by Peter Truax
Akira Kurosawa’s 1948 film, Drunken Angel, is the eighth film by the Japanese director, and features two long-time Kurosawa collaborators: Takashi Shimura and Toshirô Mifune, the latter at the beginning of his work with the director. Set in post-war Japan, the film explores the relationship between wrongdoing and redemption from the point of view of its two main characters. A classic noir, Drunken Angel is a film about gangsters, dames, and mortality.
Director: Akira Kurosawa
Producer: Sôjirô Motoki
Writers: Keinosuke Uekusa, Akira Kurosawa
Cinematographer: Takeo Itô
Editor: Akikazu Kôno
Music: Fumio Hayasaka
Cast: Takashi Shimura, Toshirô Mifune, Reisaburô Yamamoto, Michiyo Kogure, Chieko Nakakita
Premiere: April 27, 1948 – Japan
US Theatrical Release: December 30, 1959
US Distributor: Janus Films
Shimura plays Sanada, a protective and overly concerned doctor, ministering to Matsunaga (Mifune), a Yakuza hood who is informed he is infected with tuberculosis. The disease serves as a foil for the lifestyle Matsunaga leads, drinking and womanizing and living without concern for his wellbeing. As Sanada treats Matsunaga’s disease, his moralizing arguments towards the man serve to treat his habits. Sanada is motivated by his own past, a life wasted on alcohol and women that kept him from a life of prestige and wealth. He finds cold comfort in his obsessions over the wellbeing of his patients, but that too takes its toll as he turns to drink when disappointed by actions outside his control.
Sanada and Matsunaga trade blows and barbs over the life Matsunaga leads. Even though he rebels, notably exclaiming “its my life to live or die” when drunkenly confronting the doctor, his actions betray his words as doubts about his invincibility creep into his mind.
The unabashed villain of the film is Okada (Reisaburo Yamamoto), the gangster ex-convict who once ran Matsunaga’s territory. Between terrifying Sanada’s assistant Miyo (Chieko Nakakita), whom he had once given syphilis, and stealing Matsunaga’s girlfriend Nanae (Michiyo Kogure), Okada comes across as the film's embodiment of evil. Even the scene where he is identified by his favorite song that he strums on a guitar— Sanada’s assistant calls it “The Killer’s Anthem”—foreshadows him as a harbinger of doom.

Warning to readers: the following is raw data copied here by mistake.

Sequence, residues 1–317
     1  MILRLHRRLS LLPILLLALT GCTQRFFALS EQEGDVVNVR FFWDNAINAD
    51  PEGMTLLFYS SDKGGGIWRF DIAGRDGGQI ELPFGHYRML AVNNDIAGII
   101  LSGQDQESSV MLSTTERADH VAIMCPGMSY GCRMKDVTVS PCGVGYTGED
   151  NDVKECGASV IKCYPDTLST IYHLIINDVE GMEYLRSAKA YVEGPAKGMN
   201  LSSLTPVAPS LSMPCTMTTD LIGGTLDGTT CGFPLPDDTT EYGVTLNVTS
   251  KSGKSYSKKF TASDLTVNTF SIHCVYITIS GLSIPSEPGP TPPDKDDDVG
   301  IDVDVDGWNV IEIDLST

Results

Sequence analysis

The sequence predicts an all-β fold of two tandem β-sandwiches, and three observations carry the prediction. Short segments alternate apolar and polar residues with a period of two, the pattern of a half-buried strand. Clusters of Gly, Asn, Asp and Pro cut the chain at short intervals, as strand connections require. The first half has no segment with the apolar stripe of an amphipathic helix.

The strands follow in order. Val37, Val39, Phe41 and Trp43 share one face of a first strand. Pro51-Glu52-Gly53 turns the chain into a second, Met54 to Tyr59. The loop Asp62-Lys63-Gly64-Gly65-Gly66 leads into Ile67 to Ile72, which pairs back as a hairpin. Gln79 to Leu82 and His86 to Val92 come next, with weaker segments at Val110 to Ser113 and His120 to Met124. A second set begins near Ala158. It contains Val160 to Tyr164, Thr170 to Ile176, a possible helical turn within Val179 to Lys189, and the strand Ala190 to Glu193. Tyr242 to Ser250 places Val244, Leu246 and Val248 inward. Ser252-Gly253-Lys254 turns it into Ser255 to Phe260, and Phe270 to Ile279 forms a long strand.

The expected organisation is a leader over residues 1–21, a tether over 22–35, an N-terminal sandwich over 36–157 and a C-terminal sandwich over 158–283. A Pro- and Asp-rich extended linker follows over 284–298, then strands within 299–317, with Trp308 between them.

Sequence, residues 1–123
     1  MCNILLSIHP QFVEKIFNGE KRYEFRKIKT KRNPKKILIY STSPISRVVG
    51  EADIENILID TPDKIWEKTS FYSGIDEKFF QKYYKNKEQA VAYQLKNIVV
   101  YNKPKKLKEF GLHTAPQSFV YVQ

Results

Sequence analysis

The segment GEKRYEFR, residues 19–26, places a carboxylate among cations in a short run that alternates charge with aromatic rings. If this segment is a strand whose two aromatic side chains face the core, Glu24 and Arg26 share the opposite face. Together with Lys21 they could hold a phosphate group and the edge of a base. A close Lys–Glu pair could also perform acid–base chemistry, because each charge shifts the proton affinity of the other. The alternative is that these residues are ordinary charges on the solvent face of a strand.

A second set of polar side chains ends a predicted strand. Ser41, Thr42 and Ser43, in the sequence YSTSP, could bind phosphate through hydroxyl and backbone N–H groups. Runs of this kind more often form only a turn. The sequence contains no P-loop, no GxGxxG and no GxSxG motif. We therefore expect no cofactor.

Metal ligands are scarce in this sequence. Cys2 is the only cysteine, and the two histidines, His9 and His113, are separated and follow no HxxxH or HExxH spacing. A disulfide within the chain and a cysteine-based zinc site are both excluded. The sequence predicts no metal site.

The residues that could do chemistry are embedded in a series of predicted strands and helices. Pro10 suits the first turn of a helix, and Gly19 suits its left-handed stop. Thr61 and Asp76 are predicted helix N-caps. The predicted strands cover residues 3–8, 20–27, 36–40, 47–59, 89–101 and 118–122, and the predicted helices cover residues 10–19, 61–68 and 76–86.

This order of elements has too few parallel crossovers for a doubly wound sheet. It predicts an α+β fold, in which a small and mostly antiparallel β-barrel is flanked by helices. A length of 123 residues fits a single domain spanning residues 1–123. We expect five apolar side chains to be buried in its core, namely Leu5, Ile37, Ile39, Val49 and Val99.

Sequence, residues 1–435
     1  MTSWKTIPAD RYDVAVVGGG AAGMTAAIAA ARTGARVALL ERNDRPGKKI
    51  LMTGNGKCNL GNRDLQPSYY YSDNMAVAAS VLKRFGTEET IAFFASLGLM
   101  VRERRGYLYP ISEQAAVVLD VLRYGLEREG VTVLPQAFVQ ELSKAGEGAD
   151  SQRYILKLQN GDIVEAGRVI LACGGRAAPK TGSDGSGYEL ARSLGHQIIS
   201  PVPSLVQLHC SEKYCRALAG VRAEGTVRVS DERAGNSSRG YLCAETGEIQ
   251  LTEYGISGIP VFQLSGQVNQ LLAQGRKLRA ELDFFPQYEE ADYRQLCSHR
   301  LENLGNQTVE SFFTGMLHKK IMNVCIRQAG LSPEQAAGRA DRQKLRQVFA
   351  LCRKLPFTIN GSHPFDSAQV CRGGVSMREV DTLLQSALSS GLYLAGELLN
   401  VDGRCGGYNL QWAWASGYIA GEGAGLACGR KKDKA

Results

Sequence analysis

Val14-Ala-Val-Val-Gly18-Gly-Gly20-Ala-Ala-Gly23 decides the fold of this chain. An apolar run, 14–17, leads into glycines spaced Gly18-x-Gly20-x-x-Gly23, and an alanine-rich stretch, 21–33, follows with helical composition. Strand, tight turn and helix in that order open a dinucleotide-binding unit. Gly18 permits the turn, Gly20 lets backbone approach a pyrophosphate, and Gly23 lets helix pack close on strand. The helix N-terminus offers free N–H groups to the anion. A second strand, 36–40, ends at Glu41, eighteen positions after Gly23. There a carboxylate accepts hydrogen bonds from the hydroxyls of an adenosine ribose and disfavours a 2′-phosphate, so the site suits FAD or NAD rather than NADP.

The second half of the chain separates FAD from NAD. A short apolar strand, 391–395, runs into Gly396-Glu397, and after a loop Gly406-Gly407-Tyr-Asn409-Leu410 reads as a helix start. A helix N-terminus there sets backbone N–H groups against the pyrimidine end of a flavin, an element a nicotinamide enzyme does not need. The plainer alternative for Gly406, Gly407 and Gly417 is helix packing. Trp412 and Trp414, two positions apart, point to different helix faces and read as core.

Prominently featured in the film is the metaphor of corruption and decay that the local cesspool represents. Frequently, Kurosawa focuses both the camera and the characters on a local swamp. Most poignant is the scene in which Matsunaga, torn by the knowledge his Yakuza ways will only hasten his end, takes a flower from a street vendor and smells it wistfully, its perfume overriding the stench of the swamp. This brief enlightenment ends only too soon as Okada, seen at first only as a looming shadow, comes to Matsunaga to draw him back into self-destruction.
The film’s climax comes as Okada comes searching for his former amour, Sanada’s assistant Miyo. The by-the-books Sanada prepares to go to the police, while Matsunaga tries to intervene within the Yakuza, only to discover that Okada has pushed him out, and a deadly confrontation ensues.
A compelling treatment of contemporary noir, this is a genre Kurosawa is less known for in the West—his Samurai films are perhaps his most well remembered. Still, Kurosawa excels at delivering both a heart wrenching moral picture of a man unable to escape his surroundings, and a compellingly beautiful piece of art, rich with visual metaphors of the seedy, broken-down side of post-war Japan. Mifune and Shimura deliver emotive, robust performances that plainly communicate the inner turmoil of both men.